Ovyron wrote: ↑
Wed Jun 12, 2019 8:56 pm
Dann Corbit wrote: ↑
Wed Jun 12, 2019 4:29 pm
And finally, there is a huge difference between "I am convinced." And , "It has been proven."
What's the difference? Really, I keep saying "Magnus Carlsen", "Magnus Carlsen" like a parrot, but it hasn't been proven to any degree that he's the strongest chess human on earth, yet "people being convinced" that he is is enough in the chess world.
Unless you can name someone else that is stronger than him (and human), what he has done should suffice, and people could do the same with chess engines to get convinced that Leela or Stockfish is the strongest chess entity. And with a very small fraction of the resources that is being used by TCEC, the CCRL and the CEGT for these purposes.
What's this obsession with "proving" something and why are only computer chess enthusiasts affected and common chess enthusiasts not? (I've never heard someone say it hasn't been "proven" that Magnus is the best human chess player.) Is it because people can play hundreds of thousands of games with chess machines but they can't do it with humans? If so, being unable to do it with humans seems like an advantage, as we can find who is best with much less time and effort (even though we can't "prove" it.)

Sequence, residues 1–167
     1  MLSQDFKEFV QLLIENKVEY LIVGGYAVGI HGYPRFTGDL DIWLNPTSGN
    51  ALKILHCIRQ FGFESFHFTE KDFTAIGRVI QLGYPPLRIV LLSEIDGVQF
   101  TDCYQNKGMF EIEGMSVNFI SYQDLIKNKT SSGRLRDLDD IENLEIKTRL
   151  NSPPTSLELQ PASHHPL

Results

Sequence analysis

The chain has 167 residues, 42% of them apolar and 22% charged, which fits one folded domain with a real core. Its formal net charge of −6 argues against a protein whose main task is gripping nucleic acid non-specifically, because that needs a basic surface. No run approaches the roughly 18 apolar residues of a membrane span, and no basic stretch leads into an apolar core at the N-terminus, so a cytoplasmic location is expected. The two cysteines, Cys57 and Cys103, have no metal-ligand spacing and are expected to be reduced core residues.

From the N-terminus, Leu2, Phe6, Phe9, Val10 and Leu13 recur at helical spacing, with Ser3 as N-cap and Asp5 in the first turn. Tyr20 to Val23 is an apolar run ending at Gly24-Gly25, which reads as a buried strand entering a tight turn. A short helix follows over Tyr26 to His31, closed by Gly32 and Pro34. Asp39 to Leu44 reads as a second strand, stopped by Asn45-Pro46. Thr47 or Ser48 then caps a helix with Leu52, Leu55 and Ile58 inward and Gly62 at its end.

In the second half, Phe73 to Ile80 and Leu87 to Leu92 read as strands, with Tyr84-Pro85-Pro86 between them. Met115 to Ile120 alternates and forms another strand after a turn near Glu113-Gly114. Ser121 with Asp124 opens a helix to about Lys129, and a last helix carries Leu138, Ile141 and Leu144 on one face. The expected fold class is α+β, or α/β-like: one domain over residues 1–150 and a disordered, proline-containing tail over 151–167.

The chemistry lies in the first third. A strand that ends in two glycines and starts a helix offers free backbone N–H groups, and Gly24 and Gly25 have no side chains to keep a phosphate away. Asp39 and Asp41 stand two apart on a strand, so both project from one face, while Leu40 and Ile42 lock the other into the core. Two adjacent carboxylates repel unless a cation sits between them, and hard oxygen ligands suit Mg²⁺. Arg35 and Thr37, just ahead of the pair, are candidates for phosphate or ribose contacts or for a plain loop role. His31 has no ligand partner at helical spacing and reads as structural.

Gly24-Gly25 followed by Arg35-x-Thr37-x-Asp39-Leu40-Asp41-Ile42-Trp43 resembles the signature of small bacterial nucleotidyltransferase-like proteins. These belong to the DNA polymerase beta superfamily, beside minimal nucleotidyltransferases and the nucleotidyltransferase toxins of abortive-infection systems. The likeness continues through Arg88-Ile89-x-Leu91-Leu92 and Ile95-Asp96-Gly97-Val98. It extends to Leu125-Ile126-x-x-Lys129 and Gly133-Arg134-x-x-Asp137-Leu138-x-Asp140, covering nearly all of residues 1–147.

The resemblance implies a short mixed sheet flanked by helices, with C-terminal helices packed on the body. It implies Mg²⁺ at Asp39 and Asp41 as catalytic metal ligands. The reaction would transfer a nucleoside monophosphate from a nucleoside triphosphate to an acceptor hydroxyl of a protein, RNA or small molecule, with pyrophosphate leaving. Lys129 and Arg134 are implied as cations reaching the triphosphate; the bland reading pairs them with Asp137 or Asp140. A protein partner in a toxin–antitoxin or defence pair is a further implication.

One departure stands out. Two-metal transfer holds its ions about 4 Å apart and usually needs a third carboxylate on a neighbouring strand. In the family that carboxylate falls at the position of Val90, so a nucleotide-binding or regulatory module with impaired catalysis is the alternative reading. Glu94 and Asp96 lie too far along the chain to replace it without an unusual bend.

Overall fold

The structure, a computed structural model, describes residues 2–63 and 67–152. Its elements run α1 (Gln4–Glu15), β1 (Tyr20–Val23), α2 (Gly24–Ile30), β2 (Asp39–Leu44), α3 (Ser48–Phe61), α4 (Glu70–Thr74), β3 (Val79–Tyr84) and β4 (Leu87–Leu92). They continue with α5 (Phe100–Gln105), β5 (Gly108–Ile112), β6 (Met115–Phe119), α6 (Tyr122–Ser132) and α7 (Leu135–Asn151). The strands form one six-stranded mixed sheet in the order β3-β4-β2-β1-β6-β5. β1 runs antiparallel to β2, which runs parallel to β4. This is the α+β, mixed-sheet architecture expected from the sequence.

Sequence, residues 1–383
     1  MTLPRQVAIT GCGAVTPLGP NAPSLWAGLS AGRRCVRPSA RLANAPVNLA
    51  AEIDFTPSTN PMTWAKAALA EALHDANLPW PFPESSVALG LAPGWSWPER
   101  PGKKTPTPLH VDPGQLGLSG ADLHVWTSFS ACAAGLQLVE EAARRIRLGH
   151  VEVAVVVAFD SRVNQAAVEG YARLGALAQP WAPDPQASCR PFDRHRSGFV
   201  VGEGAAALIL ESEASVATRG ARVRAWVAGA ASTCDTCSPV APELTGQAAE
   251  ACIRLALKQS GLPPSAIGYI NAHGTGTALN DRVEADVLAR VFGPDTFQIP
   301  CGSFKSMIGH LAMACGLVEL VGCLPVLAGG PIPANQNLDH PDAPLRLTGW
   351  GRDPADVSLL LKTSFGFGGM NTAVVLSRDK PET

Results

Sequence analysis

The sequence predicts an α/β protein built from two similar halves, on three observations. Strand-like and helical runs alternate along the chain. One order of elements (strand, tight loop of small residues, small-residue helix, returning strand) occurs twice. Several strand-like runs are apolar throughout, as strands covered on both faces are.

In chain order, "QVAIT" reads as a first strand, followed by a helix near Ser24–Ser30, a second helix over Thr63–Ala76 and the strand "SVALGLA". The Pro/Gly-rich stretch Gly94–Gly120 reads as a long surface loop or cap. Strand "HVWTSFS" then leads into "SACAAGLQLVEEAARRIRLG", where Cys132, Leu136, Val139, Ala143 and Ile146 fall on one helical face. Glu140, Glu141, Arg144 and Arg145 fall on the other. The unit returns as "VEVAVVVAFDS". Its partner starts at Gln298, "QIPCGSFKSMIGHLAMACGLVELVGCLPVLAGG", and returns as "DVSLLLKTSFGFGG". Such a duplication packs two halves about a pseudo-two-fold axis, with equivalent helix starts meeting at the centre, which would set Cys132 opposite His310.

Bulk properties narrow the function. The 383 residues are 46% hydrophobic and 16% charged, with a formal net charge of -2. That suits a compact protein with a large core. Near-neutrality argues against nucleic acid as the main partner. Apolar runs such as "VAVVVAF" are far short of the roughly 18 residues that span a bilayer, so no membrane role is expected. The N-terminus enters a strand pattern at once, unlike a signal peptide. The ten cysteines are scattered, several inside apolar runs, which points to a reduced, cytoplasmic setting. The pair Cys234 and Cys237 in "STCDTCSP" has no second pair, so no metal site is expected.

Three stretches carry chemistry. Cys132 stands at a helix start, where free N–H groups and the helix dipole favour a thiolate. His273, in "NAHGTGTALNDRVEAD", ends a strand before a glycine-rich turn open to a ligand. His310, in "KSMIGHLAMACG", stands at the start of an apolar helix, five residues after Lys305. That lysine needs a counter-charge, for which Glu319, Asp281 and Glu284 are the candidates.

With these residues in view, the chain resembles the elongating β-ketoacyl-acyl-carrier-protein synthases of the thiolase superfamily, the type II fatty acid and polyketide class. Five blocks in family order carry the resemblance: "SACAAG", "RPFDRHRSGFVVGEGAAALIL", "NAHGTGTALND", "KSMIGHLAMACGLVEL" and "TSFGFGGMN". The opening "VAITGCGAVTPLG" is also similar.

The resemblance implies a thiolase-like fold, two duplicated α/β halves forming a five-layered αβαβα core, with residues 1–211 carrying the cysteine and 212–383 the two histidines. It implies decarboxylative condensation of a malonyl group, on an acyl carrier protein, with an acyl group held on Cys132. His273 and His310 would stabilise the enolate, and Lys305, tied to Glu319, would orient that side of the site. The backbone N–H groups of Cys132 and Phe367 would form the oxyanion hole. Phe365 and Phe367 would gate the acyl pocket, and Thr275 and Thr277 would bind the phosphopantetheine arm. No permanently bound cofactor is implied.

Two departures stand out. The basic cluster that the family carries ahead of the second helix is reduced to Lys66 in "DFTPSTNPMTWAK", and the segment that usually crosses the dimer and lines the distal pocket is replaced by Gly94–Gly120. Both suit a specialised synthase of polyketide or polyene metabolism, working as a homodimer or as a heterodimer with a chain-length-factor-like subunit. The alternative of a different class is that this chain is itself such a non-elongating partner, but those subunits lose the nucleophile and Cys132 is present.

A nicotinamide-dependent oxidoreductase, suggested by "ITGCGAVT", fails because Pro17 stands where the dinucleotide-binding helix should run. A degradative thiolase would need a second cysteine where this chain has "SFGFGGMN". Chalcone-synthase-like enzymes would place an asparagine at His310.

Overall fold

Magnus Carlsen might be the strongest player in the world.
Magnus Carlsen is the strongest player in the world.
This is the difference between being convinced and being proven.
If you have 20 people in a room, 50 times out of one hundred two people will have the same birthday.
If you have 70 randomly chosen people in a room, 999 times out of one thousand two of them will have the same birthday.
In both cases, we "probably" have a match. In neither case is it decided unless we actually test the conditions for a given instance.
So what is your acceptable level of proof? Is a coin toss good enough? It might be right. It might be wrong.
If you examine a collection of trials mathematically, you can say what the certainty is that something you imagine is correct is really true.
Is it unlikely? Is it fairly likely? Is it extremely likely? Is it nearly certain? Is it certain?
Some people are easily convinced. Some people are hard to convince. Is there a different truth for these categories of people?
Now, let's suppose further that we have enough games to show that within two full standard deviations Carlsen is better than Caruana. Does that mean that if they meet head to head in a ten game match it is certain that Carlsen is going to win?
Consider this list of Fide Champions:
Anatoly Karpov (1993-1999)
Alexander Khalifman (1999-2000)
Viswanathan Anand (2000-2002)
Ruslan Ponomariov (2002-2004)
Rustam Kasimdzhanov (2004-2005)
Veselin Topalov (2005-2006)
How many of those were the best players in the world at the time they were champions?
That is an important illustration between what a champion is and who the best player is.
They are most certainly not the same thing.
Since the world champion of chess is not certainly the strongest player in the world, we should also conclude the same things about short contests involving engines that we conclude about short contests involving people.
TCEC does not name the strongest chess engine in the world. TCEC names a champion.